Skip
Navigation

Timeline of West Virginia: Civil War and Statehood
Undated
January 1862


Richmond Daily Dispatch
January 3, 1862

[correspondence of the Richmond Dispatch.]

Monroe Co., Va., Jan. 1, 1862.

Our county has been thrown into considerable excitement in consequence of a rumor that the Yankees had passed over New river at Pack's Ferry, and taken possession of the ferry and the residence of Mr. Rufus Pack.--I cannot vouch for the truth of the rumor, but I have no doubt the enemy is advancing upon us by the way of Raleigh and Mercer counties. One report is that there are three hundred Yankees at Mercer C. R., and one hundred at Mercer Salt Works. I believe our patriotic General Chapman has sent a deputation of men to ascertain the truth or falsify of the reports.

Our enemies are, no doubt, sided by the traitor one Union men, of whom there are a few in every county, and we have some of the worst Kind in Monroe. We have men who are everlastingly finding fault with our leaders and with our court who can find no word of sympathy for it, and who are over everrating our losses in battle and underrating our victories. Yet, they are suffered to remain ambugst us, not a hair upon their head hurt, and who are now, I have no doubt, waiting an opportunity to lead the Yankees through our fair county and rob our citizens, Is it not high time something was done with such characters? Either civil or military authority should take hold of such men, and put them out of the way until the war is over. It will not do to 1st such men out upon parole or upon taking the oath of allegiance to the Confederate States. I would not give a straw for the oath of such men; and I perceive, by the way, from the papers, that a good many of that kind of men have been discharged by our authorities at Richmond who have returned the kindness by leading the Yankees upon our forces.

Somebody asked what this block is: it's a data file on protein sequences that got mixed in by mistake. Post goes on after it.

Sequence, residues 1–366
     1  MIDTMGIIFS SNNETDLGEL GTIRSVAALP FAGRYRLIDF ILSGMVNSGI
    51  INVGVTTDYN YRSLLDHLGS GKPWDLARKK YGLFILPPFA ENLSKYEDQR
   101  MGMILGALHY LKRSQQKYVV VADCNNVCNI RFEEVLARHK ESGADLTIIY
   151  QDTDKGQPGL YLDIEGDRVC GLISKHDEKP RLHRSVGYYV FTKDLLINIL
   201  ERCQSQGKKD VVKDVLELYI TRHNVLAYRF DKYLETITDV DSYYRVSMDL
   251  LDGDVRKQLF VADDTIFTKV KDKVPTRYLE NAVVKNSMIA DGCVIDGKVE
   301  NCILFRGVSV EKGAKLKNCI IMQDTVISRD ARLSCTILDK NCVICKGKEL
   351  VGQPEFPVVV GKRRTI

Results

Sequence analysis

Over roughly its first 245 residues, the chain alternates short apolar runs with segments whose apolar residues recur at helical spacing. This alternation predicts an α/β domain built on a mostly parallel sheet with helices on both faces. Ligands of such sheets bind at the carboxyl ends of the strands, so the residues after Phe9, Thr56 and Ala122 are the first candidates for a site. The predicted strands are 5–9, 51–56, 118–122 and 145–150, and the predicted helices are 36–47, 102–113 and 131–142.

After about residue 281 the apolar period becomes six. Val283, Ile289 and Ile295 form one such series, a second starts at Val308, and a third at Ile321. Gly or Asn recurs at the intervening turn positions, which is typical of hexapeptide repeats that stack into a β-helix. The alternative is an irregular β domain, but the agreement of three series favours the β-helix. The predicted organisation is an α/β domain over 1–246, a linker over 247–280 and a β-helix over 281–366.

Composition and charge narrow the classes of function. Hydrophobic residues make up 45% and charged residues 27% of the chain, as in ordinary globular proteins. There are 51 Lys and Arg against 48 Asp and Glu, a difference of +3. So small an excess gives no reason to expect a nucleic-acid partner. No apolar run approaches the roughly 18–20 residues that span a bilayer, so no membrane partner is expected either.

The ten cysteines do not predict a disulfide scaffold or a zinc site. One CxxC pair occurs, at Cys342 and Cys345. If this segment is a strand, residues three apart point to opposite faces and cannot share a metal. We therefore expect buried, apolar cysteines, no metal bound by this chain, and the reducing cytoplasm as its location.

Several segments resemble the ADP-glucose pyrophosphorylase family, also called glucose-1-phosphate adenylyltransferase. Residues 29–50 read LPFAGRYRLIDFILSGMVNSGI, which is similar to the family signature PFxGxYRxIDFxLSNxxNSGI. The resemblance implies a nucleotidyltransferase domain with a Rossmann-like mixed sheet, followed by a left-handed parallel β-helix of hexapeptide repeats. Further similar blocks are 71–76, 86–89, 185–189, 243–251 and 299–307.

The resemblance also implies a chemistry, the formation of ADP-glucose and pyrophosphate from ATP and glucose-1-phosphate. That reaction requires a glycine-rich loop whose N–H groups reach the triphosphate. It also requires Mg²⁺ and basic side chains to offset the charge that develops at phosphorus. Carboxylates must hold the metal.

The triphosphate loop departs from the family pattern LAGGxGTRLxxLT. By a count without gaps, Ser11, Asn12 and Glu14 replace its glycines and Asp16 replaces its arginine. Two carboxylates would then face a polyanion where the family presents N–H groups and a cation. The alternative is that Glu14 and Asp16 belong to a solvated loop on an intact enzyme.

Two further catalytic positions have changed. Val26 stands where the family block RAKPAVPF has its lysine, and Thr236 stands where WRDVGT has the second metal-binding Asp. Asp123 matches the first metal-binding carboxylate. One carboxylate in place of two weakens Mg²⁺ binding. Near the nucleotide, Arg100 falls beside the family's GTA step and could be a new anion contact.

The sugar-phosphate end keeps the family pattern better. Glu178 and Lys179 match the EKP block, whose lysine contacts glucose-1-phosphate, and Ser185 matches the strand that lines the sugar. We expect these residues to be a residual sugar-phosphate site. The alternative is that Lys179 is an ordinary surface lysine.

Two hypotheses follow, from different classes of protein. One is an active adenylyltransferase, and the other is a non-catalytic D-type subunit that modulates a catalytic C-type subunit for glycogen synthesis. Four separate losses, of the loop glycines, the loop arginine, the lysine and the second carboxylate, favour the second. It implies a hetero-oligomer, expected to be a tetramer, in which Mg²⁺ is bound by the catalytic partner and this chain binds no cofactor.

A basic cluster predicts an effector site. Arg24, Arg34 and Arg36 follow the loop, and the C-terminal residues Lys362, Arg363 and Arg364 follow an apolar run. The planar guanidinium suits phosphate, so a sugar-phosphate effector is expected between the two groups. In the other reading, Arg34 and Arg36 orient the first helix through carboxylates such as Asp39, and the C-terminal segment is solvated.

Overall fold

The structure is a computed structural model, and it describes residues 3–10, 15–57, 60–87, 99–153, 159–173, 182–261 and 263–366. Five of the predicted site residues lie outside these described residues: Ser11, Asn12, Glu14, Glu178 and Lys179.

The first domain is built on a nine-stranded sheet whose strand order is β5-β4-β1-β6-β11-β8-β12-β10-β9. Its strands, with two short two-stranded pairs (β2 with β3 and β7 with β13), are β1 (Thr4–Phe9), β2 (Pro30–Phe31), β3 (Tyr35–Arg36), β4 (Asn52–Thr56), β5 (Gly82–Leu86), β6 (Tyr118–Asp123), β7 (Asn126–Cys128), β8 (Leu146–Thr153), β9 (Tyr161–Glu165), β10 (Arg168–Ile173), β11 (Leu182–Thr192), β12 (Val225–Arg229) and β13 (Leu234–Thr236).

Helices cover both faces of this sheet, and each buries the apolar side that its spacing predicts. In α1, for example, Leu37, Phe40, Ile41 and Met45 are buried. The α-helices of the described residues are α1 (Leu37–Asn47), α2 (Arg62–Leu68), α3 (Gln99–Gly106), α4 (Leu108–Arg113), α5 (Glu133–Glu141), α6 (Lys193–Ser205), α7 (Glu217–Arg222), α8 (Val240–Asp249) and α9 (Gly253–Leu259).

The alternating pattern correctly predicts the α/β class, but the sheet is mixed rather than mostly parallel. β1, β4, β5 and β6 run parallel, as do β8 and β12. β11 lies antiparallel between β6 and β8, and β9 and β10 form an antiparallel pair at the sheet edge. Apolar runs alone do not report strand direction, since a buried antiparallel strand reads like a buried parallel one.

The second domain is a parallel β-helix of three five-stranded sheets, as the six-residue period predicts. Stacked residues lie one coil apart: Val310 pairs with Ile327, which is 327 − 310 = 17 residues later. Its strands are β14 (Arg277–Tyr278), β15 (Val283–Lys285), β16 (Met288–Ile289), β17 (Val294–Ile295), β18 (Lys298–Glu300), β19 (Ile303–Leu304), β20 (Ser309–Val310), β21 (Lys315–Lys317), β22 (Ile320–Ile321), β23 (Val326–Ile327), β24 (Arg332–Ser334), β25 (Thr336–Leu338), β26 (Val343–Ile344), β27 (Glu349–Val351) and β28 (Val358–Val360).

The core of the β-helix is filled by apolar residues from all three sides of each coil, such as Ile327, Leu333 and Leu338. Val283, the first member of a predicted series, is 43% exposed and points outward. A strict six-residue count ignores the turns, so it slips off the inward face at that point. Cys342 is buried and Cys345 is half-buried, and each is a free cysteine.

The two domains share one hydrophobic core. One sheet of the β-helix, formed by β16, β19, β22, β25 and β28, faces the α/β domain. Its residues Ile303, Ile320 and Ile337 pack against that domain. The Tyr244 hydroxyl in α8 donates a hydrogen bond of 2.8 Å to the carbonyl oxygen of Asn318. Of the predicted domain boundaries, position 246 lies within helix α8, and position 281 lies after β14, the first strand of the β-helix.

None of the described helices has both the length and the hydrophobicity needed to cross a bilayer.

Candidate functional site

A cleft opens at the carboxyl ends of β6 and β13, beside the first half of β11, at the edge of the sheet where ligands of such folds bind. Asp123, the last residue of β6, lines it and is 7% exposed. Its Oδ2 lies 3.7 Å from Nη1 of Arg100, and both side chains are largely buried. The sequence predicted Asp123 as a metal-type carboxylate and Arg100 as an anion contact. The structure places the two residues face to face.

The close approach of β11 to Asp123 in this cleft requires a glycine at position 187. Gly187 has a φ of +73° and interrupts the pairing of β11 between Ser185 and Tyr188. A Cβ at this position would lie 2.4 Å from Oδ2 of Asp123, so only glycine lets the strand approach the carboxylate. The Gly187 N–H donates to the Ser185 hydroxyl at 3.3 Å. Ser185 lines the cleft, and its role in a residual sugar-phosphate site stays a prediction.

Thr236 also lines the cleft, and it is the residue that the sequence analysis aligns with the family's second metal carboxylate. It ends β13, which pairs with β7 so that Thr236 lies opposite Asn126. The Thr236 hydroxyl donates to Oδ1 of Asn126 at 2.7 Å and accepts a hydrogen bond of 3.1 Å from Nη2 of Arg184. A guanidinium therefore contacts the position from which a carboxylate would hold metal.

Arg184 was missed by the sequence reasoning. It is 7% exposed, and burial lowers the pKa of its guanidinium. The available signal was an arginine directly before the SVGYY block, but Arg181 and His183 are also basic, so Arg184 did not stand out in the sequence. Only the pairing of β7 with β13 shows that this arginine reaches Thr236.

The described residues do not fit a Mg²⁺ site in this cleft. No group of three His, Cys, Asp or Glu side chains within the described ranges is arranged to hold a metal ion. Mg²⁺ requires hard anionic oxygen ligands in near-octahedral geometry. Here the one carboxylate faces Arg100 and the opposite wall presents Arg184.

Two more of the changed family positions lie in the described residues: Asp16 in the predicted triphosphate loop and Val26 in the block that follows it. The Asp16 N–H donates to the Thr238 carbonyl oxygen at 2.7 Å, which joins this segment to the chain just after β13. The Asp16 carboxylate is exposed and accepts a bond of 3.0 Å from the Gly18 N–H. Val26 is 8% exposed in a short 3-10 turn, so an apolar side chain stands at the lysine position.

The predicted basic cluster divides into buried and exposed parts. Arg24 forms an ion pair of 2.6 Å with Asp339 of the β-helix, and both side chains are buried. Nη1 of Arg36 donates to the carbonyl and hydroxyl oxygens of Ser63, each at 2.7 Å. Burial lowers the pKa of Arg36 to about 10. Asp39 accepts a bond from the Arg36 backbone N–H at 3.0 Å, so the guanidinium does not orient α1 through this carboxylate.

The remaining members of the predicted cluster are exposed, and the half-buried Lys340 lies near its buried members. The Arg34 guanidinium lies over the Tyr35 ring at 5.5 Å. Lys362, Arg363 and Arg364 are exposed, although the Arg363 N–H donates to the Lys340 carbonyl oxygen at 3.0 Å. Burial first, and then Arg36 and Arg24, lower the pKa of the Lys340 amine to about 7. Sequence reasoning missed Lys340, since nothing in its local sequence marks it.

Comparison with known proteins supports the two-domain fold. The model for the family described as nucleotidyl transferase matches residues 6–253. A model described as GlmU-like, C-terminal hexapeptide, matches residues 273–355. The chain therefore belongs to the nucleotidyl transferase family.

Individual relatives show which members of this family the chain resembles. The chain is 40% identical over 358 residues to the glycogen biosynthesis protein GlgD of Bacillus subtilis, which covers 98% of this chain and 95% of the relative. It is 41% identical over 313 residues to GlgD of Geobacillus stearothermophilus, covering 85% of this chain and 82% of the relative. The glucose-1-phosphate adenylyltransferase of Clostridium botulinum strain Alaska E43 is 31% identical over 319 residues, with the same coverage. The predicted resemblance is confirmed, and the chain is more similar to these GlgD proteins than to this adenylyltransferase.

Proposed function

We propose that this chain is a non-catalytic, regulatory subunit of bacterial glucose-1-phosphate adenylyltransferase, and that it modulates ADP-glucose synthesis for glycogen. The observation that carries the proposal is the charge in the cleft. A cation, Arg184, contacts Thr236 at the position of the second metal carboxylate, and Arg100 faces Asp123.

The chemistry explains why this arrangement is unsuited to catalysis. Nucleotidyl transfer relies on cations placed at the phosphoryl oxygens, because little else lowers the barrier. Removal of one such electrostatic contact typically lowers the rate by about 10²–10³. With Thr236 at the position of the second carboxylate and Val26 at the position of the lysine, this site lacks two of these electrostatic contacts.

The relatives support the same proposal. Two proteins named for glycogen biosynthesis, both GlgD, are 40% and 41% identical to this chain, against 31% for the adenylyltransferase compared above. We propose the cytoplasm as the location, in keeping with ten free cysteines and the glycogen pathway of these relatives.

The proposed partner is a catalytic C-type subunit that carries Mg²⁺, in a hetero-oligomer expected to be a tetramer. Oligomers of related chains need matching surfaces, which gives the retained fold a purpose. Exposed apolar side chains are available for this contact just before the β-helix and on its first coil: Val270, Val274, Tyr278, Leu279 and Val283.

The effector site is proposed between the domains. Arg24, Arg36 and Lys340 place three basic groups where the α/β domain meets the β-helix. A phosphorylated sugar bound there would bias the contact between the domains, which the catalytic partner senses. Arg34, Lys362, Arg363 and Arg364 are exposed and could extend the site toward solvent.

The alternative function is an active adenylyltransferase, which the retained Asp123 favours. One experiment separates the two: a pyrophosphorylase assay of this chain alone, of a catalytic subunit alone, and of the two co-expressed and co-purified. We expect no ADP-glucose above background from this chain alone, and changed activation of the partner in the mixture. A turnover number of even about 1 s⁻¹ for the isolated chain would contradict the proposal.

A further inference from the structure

Some of our citizens have lost slaves in the last few days. Most of them left on Saturdaynight last, and I have no doubt Union men and Yankees had a hand in it. Amongst the number missing, the following persons are the losers, viz: Alexander Clark, Esq., one; John E. Alexander, one; Henry Alexander, three; John Symms, one; Robert Thrasher, one; John Dansooyer one, and Henry Smith, one--making nine in all, that are missing. Perhaps, there are more that I have not heard of. A. T. Caperton had one to run off, but was recovered, and is now in jail.

The 22d Virginia regiment was ordered to leave Dublin for Greenbrier county, I understood, on Monday last, but I understand it did not leave until yesterday, and went by railroad to Jackson's river depot, and of course will be some days yet before they arrive. Thus, we are threatened with invasion at Meadow Bluff, in Greenbrier, and Pack's Ferry, in Monroe. Pack's Ferry being about 30 mileston Union, One county seat.

Felix.


Timeline of West Virginia: Civil War and Statehood: Undated: January 1862

West Virginia Archives and History